With today’s raft of service PMIs, there are more signs of stabilisation in the global growth cycle (both China and European indices bounced). There remain lingering concerns around the manufacturing cycle, especially in Europe, but the larger issue could be falling inflation. Indeed, US inflation expectations (as priced by rates markets) plunged towards the end of last year, and while they have bounced since, they have yet to recover to the levels seen before the plunge. More recently, Euro-area inflation expectations have fallen sharply.
Actual inflation data in both regions have also fallen with US core PCE at 1.8% and Euro core CPI at a paltry 0.8%.When we look at trends in these series we find they are persistently below the 2% inflation targets of their central banks (see first chart). This poses a dilemma for both the Fed and ECB.
For the Fed, their fear would be a “Japanification” or “Eurofication” of inflation expectations and so are increasingly talking about targetingaverage inflation rather than just spot inflation. This suggests that there is scope for the Fed to turn even more dovish as they would comfortably tolerate upside surprises to inflation. Clearer signals of the beginning of Fed easing would likely be dollar negative especially against the euro and yen.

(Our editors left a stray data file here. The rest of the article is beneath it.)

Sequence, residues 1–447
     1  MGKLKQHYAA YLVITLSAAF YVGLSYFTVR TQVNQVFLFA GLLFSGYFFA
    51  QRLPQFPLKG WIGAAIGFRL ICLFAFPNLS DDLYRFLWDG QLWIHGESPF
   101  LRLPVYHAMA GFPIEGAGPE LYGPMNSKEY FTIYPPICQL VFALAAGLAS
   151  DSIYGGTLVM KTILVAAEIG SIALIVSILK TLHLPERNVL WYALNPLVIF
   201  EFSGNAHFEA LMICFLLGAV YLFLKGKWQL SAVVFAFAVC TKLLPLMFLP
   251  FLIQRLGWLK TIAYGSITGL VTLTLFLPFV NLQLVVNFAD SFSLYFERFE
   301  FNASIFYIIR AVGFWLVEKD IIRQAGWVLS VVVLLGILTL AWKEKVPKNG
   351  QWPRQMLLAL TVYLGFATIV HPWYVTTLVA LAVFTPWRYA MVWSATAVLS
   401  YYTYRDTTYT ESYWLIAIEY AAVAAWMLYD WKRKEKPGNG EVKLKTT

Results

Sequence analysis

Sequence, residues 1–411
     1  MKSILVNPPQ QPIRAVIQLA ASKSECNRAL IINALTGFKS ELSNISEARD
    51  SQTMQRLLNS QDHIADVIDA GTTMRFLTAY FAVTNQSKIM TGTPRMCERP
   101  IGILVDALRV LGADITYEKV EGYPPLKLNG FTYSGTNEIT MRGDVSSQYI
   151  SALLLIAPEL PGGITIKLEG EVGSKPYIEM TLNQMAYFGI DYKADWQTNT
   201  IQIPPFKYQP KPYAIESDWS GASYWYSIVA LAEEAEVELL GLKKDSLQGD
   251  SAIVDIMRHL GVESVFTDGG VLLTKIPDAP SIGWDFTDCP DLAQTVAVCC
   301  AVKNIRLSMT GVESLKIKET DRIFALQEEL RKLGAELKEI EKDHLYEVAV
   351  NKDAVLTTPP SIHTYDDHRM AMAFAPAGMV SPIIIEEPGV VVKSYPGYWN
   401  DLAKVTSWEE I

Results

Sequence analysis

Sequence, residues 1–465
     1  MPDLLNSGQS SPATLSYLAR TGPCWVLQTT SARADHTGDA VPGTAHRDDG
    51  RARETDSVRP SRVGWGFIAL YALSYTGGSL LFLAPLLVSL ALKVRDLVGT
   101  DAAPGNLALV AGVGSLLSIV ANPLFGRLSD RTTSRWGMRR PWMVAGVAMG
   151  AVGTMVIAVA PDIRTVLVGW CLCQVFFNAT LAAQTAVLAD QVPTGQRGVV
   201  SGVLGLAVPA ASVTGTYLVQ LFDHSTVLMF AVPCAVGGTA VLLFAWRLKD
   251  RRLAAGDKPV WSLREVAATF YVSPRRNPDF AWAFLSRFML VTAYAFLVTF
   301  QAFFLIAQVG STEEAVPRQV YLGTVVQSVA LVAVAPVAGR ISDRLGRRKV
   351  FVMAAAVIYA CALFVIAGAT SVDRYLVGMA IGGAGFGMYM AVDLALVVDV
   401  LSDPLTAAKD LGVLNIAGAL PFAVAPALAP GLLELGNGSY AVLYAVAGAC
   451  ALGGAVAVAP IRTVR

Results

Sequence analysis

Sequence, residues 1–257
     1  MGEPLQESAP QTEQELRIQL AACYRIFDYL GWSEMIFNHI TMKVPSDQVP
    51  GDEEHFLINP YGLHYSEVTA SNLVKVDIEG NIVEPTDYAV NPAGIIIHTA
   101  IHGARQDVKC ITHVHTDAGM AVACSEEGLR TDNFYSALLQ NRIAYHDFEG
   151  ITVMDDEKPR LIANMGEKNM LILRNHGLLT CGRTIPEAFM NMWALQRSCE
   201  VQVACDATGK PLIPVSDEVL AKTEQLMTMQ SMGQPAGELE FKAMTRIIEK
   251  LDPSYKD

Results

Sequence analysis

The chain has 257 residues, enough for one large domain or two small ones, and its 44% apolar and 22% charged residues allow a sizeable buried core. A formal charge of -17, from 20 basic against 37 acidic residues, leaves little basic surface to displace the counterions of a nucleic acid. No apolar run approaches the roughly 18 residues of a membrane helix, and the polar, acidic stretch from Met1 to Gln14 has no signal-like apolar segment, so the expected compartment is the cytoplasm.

For the ECB, policy is already loose (see second chart). Their challenge will be to exert even more easy policy with policy rates in negative territory and bund yields at zero. The way out could be more generous tLTROs or for governments to deploy fiscal stimuli. Either course could end up be more positive than negative for the euro as the former would help narrow peripheral spreads and latter would boost growth.
While policymakers prevaricate over next steps, the dollar is stuck in a range, but our bias remains to eventually see dollar weakness.
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